Unlike Adam Gahdan, the US-born al Qaeda propagandist who is based in Pakistan, Awlaki has not been charged with treason, despite his statements against the US and his active support for al Qaeda. The Obama administration has approved of operations that would lead to the assassination of Awlaki.

The US targeted Awlaki and several other top al Qaeda leaders at a meeting in Yemen on Dec. 24, 2009, just one day before Abdulmutallab’s failed attack over Detroit. Awlaki was at the meeting to provide the needed religious justification for a planned al Qaeda campaign to conduct attacks against Yemeni and US targets in response to the controversial Dec. 17 airstrikes against al Qaeda in Abyan and Sana’a, US intelligence officials told The Long War Journal.

Among those believed to be at the meeting were Nasir al Wuhayshi, the leader of al Qaeda in the Arabian Peninsula; his deputy Said al Shihri; and Fahd Mohammed Ahmed al Quso, an al Qaeda operative wanted by the FBI for his role in the bombing of the USS Cole in 2000. The leaders survived the airstrike.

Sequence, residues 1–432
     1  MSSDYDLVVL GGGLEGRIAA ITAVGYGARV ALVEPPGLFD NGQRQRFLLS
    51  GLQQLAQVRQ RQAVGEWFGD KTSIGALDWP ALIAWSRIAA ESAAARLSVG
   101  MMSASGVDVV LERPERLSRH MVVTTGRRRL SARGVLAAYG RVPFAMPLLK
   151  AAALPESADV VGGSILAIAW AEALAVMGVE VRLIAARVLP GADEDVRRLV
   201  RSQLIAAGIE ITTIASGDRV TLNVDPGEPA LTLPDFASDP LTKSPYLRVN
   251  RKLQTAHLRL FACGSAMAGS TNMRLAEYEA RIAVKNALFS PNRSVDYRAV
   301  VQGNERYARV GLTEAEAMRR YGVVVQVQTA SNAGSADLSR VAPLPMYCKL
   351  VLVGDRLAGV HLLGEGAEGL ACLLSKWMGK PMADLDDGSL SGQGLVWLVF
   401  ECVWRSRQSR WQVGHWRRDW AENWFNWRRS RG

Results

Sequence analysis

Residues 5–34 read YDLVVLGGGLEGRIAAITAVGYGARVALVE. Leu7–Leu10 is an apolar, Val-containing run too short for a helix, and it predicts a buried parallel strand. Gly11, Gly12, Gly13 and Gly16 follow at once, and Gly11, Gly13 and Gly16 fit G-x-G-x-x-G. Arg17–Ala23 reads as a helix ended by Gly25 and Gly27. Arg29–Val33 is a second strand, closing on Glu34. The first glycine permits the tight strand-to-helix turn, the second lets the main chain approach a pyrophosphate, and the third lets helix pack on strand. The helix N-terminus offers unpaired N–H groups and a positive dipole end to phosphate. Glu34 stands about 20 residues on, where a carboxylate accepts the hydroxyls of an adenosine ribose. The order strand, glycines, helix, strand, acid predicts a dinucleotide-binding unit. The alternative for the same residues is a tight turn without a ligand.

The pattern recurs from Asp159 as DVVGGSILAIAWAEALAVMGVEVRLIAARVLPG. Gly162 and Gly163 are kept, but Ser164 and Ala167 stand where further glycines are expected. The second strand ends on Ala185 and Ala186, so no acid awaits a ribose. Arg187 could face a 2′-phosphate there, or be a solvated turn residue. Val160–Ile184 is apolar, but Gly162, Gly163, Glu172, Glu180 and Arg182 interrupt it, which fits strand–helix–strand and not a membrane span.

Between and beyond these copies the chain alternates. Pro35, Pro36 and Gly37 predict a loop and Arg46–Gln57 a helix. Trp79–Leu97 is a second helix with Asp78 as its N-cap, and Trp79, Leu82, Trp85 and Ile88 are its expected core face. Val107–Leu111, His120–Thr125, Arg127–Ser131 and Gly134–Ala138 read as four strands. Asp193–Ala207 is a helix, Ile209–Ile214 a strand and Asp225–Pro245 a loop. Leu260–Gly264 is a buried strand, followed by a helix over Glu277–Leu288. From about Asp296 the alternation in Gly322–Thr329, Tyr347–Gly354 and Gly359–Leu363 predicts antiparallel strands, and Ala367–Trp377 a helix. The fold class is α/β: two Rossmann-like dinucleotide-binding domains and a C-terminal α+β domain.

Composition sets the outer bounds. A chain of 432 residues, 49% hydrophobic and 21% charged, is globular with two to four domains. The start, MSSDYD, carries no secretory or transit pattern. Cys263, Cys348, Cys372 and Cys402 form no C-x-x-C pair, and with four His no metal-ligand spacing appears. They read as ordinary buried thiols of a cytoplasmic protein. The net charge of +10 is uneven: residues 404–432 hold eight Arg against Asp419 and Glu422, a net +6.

Bill Roggio is a Senior Fellow at the Foundation for Defense of Democracies and the Editor of FDD's Long War Journal.

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  • Paul says:

    And we let this guy live… why?

  • kp says:

    Perhaps because we don’t know his location or we currently can’t do drone attacks over the Yemen. I suspect the former (though the teleconference, if live) might give us some clues.

    The not charging him with treason might have something to do with the unique status of treason and the US constitution.

    Plus charging with treason (and so intending to prosecute him) might complicate adding him to a list of targets for leathal action (which has been done) being a US citizen.

  • Paul says:

    kp—-treason charges are a joke now. People should be executed for treason…there is no worse crime than turning on your country. We are getting so soft…..this guy can spit in the face of the country that allowed him to have a nice life and then turn and deface it. God help us going forward. We are so afraid to do what is right for fear of offending someone. It is really making me sick to be an American sometimes.

  • BraddS says:

    Survived because the bodies of all the panting wannabe jihadists hanging on his every word absorbed the impact?

  • HN says: